By Alexey Sukachev
Zolani Tete of South Africa has been an underachiever for a long time till a recent road KO over ex-IBF champion Juan Carlos Sanchez and a decision win over Japanese Teiru Kinoshita, the latter bringing him a vacant IBF super flyweight title after two bitter losses in IBF eliminators and IBF flyweight championship.
Paul Butler, on the other hand, was an overachiever, luckily getting and decisioning IBF bantamweight champion Stuey Hall on a split nod. Those two collided at the Echo Arena in Liverpool, UK, and more experienced Tete came out as a winner with a devastating kayo in round eight.
Meanwhile, Butler, who has relinquished his red regalia and ventured back to a lower weight class, was a pre-fight favorite against the South African. Many thought he would utilize his boxing skills to beat Tete to the punch but the fight turned to be quite the opposite.
Butler, shorter of the two, was forced to fight through a jab of a much taller boxer with a much bigger wingspan. Making it worse was the South African's southpaw stance. And if it hadn't been enough, Tete was moving like a superfluid helium, making it unrealistic for the 26-year old Brit to land anything of note.
After a cautious first round, Tete got to work. His right jab was annoying and he was able to make a couple of steps back each time Butler started a no-so-sudden attack. Even if being allowed to close quarters, the British boxer was immediately clinched and held. Referee Phil Edwards issued a couple of warnings for the South African but had not reasons for point deductions.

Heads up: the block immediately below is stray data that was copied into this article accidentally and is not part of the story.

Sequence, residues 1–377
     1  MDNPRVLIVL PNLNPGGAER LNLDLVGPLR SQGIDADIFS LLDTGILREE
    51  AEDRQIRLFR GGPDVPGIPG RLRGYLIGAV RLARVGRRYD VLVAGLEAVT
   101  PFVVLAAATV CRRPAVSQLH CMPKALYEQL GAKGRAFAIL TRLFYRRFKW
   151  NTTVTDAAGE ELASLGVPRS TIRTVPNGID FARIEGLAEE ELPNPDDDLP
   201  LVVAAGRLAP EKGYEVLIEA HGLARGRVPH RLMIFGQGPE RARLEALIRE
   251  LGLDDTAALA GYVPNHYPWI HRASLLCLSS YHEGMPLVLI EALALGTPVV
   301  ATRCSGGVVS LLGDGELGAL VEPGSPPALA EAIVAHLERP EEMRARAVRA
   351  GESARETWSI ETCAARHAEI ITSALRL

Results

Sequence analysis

Butler did his best to tag the South African but aside of the fifth stanza as well as some rare moments later his failed to achieve this goal. Tete, also 26, was not vaery active but his precision was world-class. He got specifically dangerous after the midst of the fight, throwing more and more power shots.
Still the end came as a surprize. Midst into the eighth, Tete threw a wicked left uppercut that caught Butler flush on his chin. Down he went, and even though he beat the count, referee Phil Edwards waved a fight off based on Butler's immediate condition.
With the win, TBRB #3 super flyweight Tete moves up to 20-3, with 17 KOs and the first defense of his title. IBF #9 and WBO #11 Butler suffers his first career loss and is down to 17-1, with 8 KOs.
WBA #5 British veteran Derry Matthews (37-9-2, 20 KOs), an active player in the lightweight division, tuned up before the biggest fight of his career, stopping usually durable Hungarian Gyorgy Mizsei Jr. (21-14, 12 KOs) at 1:02 of the fifth round.
Mizsei Jr., a two-time EBU title challenger (held by Emiliano Marsili - the same fighter who stopped Mattews in seven rounds three years ago) with a decision over Brunet Zamora, wasn't a pushover but Matthews was a man on a mission. He stalked Mizsei all fight long, landing cleaner and harder blows, until a right hand of him penetrated
Mizsei's defense and send him down in the fifth.
Next for Matthews is a fight against WBA lightweight champion Richar Abril (19-3-1, 8 KOs), set for April 18 at the very same venue.